The Best of Everything

Are you ready for our Dance Teacher Summit? The excitement is building as we prepare to bring the pages of the magazine to life, August 1–3, here in New York City—great classes with your favorite master teachers, panel discussions about running a successful studio, networking with your colleagues and a few surprises as well. As you read this, 15 finalists are preparing to present their choreography for the judges of the Capezio A.C.E. Awards. We hope you’ll be on hand to cheer for them and to help us honor Franco De Vita with the 2014 Dance Teacher Lifetime Achievement Award.

De Vita brings a very full career of training, performing and teaching to his current position as artistic director of American Ballet Theatre’s Jacqueline Kennedy Onassis School. The ABT National Training curriculum he co-authored with Raymond Lukens today reaches ballet students across the U.S. It had its seeds in Florence, Italy, during the 1980s,  where they experimented with concepts from the French, Russian, Danish and Italian schools of ballet technique before landing on the perfect blend that would produce the purity of movement that has become De Vita’s hallmark. “Every school has something to offer,” he told editor Amy Brandt in “How I Teach Ballet.” “Why not try to have the best of everything?”

In this spirit of having the best of everything, each year, we celebrate four educators with the Dance Teacher Awards. Read the inspiring stories of these professionals who were nominated by their colleagues and peers.

And as you strive for the best in your business and your career, we offer our annual Dance Directory, with contact information for makers and suppliers, programs and services. It’s a resource you’ll want to keep close at hand throughout the year.

The Dance Teacher editors and I look forward to meeting you in person.


Photo by Matthew Murphy

Leap! Executive Director Drew Vamosi (Courtesy Leap!)

Since its inaugural season in 2012, Leap! National Dance Competition has been all about the little things.

"I wanted to have a 'boutique' competition. One where we went out to only one city every weekend, so I could be there myself, and we could really get to know the teachers and watch their kids progress from year to year," says Leap! executive director Drew Vamosi. According to Vamosi, thoughtful details make all the difference, especially during a global pandemic that's thrown many dancers' typical comp-season schedules for a loop. That's why Leap! prides itself on features like its professional-quality set design, as well as its one-of-a-kind leaping competition, where dancers can show off their best tricks for special cash and merchandise prizes.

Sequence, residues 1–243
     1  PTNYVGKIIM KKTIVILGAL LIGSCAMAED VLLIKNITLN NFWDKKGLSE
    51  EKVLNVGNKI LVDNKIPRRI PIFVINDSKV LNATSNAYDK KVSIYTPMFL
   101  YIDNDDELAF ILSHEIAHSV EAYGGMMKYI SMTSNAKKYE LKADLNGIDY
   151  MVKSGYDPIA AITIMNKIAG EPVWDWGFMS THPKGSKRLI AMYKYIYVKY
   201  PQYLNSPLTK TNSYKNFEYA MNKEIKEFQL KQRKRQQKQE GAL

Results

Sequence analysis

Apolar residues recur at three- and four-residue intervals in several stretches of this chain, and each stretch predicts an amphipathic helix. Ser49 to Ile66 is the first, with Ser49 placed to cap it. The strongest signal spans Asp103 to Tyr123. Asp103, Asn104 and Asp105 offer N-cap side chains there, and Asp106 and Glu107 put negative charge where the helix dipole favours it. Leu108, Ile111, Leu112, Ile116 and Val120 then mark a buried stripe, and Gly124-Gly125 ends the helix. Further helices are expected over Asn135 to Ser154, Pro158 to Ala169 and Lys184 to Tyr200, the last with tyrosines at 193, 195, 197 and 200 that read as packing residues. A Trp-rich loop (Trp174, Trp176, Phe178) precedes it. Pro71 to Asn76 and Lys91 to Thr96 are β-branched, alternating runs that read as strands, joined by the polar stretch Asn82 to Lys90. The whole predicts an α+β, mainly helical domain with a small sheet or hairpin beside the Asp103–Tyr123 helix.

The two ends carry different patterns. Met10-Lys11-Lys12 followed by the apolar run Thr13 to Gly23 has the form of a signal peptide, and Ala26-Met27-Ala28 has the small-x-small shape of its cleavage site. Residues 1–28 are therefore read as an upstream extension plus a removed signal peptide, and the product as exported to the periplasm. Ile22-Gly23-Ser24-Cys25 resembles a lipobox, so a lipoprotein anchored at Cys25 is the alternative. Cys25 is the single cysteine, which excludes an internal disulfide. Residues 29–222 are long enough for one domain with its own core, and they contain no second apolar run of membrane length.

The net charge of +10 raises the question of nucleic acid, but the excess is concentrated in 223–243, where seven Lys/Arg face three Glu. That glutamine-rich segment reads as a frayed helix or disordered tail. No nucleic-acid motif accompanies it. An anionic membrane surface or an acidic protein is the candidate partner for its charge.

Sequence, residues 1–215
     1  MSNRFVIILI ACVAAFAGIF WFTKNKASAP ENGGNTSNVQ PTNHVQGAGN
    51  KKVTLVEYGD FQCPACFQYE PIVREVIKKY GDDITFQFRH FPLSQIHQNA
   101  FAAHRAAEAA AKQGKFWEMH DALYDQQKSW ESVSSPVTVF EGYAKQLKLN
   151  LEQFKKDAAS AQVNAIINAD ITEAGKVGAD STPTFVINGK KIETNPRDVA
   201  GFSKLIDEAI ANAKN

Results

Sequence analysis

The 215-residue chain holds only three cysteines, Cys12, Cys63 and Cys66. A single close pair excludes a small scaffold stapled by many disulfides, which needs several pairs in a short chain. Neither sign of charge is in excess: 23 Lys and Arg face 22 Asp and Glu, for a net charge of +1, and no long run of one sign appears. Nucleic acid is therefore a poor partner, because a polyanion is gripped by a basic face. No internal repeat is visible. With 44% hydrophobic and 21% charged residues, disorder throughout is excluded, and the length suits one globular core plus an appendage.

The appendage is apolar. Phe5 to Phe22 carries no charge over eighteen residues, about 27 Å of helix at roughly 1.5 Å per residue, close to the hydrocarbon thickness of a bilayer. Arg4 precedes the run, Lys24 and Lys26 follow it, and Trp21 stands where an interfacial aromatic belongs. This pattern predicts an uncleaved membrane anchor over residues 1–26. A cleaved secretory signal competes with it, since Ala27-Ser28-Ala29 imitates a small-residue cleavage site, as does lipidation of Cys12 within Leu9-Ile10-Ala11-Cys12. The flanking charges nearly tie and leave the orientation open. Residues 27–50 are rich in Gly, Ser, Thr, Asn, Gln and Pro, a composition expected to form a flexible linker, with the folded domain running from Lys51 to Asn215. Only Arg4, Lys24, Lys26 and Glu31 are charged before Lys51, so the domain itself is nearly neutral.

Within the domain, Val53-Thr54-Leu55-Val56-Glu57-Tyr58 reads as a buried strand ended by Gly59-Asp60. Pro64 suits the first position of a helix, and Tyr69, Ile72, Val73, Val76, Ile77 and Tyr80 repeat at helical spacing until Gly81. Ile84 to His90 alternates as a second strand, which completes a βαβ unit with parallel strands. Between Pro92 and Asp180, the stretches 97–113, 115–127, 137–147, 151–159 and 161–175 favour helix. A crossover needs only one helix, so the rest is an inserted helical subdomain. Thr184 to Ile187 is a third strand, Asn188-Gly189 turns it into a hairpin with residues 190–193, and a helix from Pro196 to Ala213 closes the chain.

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Health & Body
Getty Images

The term "body shaming" might bring up memories of that instructor from your own training who made critical remarks about—or even poked and prodded—dancers' bodies.

Thankfully, we're (mostly) past the days when authority figures felt free to openly mock a dancer's appearance. But body shaming remains a toxic presence in the studio, says Dr. Nadine Kaslow, psychologist for Atlanta Ballet: "It's just more hidden and more subtle." Here's how to make sure your teaching isn't part of the problem.

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Courtesy Russell

Gregg Russell, an Emmy-nominated choreographer known for his passionate and energetic teaching, passed away unexpectedly on Sunday, November 22, at the age of 48.

While perhaps most revered as a master tap instructor and performer, Russell also frequently taught hip-hop and musical theater classes, showcasing a versatility that secured him a successful career onstage and in film and television, both nationally and abroad.

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